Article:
It's the Iditarod!
For those of us who love the sport of dog mushing, early March is a nearly endless feast of fun and excitement. That is when the best dog mushers in the world are joined by a large pool of dedicated amateur mushers to pit themselves and their dogs against the best and the worst that the huge wilderness of
Known simply as “the ‘Rod” in mushing circles, this is the event that bills itself as The Last Great Race on Earth. In
The best and, really, the only way to do so is through the website: www.iditarod.com. If you want to truly get the feel of the race, spend the $20 to become an “Iditarod Insider”. This gives you access to the dozens of daily short video clips taken along the trail. You see dogs in action, sleds crashing, blizzards roaring—the whole giant event. This is the first year I’ve forked up the cash, and I’m really glad I did; it is well worth it, and as my dad said, “Hey, that’s less than one ticket to a football game!” And it is good for an entire year. You can watch archived video clips from the last few years if you want to.
The Iditarod begins in
The mushers endure this event somewhat grudgingly; they have no choice, as it is required. They generally understand how important it is to publicizing the sport. The crowds love it.
Dutch and I have a friend who lives in
The actual race begins the following day at the Restart, this year held in the small town of
This year has the largest field of mushers ever to leave the start line. Ninety-six teams left
As in the Ceremonial Start, teams leave the start line one-by-one in two minute intervals. With so many teams, it takes several hours to get the race launched. That time difference is made up later on, at the mandatory rest. There is strategy involved in where in the line-up a musher wants to start; most agree that starting early is better. The trail is not chewed up by lots of teams going through, and the early starters have to take a longer rest later on in the race when the dogs need it.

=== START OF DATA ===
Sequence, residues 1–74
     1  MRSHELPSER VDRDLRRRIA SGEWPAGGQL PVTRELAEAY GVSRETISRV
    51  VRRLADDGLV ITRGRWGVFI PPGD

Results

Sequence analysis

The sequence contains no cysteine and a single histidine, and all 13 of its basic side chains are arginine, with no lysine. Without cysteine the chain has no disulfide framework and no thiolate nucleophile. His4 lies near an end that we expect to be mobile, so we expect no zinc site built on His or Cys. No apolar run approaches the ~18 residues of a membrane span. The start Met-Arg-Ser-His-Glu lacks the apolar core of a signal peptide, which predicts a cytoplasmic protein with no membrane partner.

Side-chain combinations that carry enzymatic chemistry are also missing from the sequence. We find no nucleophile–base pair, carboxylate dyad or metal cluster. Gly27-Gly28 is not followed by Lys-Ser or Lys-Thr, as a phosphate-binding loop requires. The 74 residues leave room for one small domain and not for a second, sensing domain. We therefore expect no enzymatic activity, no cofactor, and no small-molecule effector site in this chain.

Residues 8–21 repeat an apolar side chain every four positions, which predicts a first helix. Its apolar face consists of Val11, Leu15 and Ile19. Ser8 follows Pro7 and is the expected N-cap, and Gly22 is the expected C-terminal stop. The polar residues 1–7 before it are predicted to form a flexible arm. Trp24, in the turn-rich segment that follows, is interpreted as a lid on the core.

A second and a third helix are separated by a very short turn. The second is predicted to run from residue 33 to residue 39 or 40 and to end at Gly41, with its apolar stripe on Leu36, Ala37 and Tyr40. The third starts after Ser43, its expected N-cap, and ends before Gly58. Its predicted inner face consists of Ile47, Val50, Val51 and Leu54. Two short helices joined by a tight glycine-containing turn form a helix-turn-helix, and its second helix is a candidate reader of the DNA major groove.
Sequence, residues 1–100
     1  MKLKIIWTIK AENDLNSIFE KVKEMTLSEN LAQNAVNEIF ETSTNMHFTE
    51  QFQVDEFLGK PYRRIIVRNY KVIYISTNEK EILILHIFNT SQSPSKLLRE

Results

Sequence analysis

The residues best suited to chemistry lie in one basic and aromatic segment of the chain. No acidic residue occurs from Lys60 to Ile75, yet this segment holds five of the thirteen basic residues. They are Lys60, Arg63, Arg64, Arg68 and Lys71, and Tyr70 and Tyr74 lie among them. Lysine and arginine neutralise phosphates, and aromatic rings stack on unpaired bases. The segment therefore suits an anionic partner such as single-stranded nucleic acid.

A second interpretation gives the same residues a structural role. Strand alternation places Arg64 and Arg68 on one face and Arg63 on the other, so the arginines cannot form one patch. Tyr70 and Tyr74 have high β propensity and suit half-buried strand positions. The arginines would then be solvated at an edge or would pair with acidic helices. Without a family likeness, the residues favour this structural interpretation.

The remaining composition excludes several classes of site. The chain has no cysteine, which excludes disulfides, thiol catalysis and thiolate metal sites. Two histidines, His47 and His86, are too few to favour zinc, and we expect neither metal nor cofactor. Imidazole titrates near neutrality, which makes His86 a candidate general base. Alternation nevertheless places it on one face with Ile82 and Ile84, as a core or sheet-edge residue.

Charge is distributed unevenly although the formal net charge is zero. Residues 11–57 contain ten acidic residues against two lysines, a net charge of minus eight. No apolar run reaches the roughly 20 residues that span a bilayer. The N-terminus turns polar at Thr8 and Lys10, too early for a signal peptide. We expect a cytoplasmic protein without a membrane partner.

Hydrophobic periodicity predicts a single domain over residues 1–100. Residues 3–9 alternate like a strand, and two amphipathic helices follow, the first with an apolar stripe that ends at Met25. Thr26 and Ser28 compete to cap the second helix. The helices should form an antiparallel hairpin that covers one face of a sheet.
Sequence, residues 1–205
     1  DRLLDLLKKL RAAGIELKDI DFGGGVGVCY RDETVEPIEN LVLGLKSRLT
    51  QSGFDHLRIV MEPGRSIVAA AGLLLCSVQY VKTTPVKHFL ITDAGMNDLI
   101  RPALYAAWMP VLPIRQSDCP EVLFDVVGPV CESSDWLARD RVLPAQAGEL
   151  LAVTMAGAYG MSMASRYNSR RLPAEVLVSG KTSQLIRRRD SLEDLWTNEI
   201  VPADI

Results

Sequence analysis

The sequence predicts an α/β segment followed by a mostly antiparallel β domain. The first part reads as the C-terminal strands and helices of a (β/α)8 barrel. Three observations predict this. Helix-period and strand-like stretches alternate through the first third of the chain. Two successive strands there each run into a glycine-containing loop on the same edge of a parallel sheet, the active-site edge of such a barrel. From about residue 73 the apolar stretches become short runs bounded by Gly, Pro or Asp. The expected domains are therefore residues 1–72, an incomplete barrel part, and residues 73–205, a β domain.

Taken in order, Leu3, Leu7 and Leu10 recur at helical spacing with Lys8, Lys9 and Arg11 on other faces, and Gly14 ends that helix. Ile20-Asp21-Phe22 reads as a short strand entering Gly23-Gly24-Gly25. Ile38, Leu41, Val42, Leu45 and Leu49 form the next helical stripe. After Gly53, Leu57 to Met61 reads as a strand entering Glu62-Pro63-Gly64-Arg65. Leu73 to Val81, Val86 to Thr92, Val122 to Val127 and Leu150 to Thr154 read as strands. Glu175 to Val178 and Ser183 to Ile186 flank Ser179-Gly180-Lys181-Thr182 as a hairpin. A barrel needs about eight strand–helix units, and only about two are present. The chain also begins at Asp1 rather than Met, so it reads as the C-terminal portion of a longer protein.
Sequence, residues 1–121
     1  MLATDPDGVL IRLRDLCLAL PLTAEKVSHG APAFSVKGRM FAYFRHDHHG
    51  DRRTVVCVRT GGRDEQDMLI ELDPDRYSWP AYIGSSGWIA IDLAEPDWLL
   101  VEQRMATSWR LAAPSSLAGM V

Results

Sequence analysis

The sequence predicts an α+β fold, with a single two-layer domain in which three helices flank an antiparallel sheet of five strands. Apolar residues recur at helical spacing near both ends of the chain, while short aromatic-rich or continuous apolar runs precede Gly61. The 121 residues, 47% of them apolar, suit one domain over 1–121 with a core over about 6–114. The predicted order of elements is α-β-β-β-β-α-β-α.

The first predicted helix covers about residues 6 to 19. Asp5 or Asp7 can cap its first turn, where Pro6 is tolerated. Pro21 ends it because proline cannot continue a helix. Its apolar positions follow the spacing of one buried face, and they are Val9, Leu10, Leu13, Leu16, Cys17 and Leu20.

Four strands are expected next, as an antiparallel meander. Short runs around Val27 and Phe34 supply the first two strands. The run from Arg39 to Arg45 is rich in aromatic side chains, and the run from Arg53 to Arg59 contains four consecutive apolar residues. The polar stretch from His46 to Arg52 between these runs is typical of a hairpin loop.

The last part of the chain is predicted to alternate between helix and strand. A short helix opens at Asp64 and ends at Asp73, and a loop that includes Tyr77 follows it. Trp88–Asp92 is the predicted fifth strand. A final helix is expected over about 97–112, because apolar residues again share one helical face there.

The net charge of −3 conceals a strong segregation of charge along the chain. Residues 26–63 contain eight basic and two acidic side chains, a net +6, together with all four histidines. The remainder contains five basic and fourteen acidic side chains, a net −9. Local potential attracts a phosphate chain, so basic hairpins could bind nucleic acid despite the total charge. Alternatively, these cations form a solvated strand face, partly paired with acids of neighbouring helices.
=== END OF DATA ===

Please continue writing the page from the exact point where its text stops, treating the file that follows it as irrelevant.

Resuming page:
No matter how you look at it, a thousand miles is a long, long way to travel by dog team. The course of the race goes over a huge mountain range, down a precipitously steep gorge, through long frozen but usually snowless stretches of land in the central part of the state, along the mighty Yukon River, which is often a tunnel of wind, and up the stark, frozen coastline of the Bering Sea to the town of
These days the race is generally won in about nine days. In the early races it took nearly three weeks. This will not be a record-setting year, as the temperatures have been warm, +30s and 40s, which is not good for the dogs, and the trail has been soft and punchy, which does not allow the dogs to go their fastest. At this moment, the leaders of the race, Lance Mackey and Jeff King, are approaching Unalakleet, the first checkpoint on the
As the dog teams approach the final leg, there is still a lot of racing to do, and anything can happen. Weather may intervene, dogs may run out gas, mushers in their exhausted state may make mistakes. For the last few days, the leadership of the race has been a duel between two outstanding mushers, Lance and Jeff. The next three or four teams are within a few hours of them, and with this much distance left to travel, could move up. The next two days will see it out.
One of the things many people are holding their breaths to see is whether Lance Mackey can repeat the incredible accomplishment he pulled off last year, something many people said could not be done. Lance has won the last four Yukon Quest sled dog races, in 2005, ’06, ’07, and ‘08. The Quest and the Iditarod are the only two 1,000+ mile sled dog races held in
The Quest is held the first two weeks in February; the Iditarod, the first two weeks in March. Mushers have occasionally competed in both races, though usually not with the same dogs. Until last year, no one had ever won both races in the same year, and common wisdom was that it couldn’t be done. And then Lance Mackey did it. And he ran the same dogs in both races. That’s about like winning the Boston Marathon and the New York Marathon two weeks apart. Mackey was instantly dubbed the one and only “IditaQuest” champion.
Today he is only 200 miles away from possibly repeating that impossible feat, and, again, with the same dog team in both races. He has set a completely new standard in long-distance dog mushing. He is an incredible guy. Whip-thin. Focused. Driven. Seemingly tireless. A survivor of throat cancer that left him with no salivary glands, requiring him to drink water constantly to replace the saliva he can not produce.
As much as I would love to see Lance repeat his amazing feat, I would also love to see Jeff King win his fifth Iditarod. He is one of only four mushers who have won this race four times (1993, ’96, ’98, and ’06); the other three are Susan Butcher, Martin Buser, and Doug Swingley. Only one musher has won it five times, Rick Swenson—who, by the way, is having one of his best Iditarods in many years, and is currently in twelvth place.
At this year’s Kuskokwim 300 Sled Dog Race here in
At this point the race will probably be won sometime on Tuesday. Will Jeff overtake Lance to win? Will Paul Gebhardt hold on to third? Will Martin Buser’s son Rohn take Rookie of the Year? Will Dee Dee Jonrowe beat Jessie Royer for first woman to finish? Will Aliy Zirkle make it back into the top twenty? Will Mother Nature play nice along the
Stay tuned, mushing fans, there’s lots more Iditarod to come!
photos by Peter Ashman, map from the Iditarod website
Labels: Dog Mushing